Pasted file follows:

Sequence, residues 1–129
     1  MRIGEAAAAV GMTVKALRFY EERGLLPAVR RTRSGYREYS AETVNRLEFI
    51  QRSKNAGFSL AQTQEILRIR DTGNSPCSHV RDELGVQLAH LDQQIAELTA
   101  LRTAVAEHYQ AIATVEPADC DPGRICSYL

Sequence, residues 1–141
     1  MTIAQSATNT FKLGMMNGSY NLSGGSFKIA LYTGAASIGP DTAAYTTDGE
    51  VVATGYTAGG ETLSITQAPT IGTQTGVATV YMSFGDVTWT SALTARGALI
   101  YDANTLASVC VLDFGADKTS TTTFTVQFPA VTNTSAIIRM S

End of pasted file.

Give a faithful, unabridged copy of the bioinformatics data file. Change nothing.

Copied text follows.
Sequence, residues 1–129
     1  MRIGEAAAAV GMTVKALRFY EERGLLPAVR RTRSGYREYS AETVNRLEFI
    51  QRSKNAGFSL AQTQEILRIR DTGNSPCSHV RDELGVQLAH LDQQIAELTA
   101  LRTAVAEHYQ AIATVEPADC DPGRICSYL

Sequence, residues 1–141
     1  MTIAQSATNT FKLGMMNGSY NLSGGSFKIA LYTGAASIGP DTAAYTTDGE
    51  VVATGYTAGG ETLSITQAPT IGTQTGVATV YMSFGDVTWT SALTARGALI
   101  YDANTLASVC VLDFGADKTS TTTFTVQFPA VTNTSAIIRM S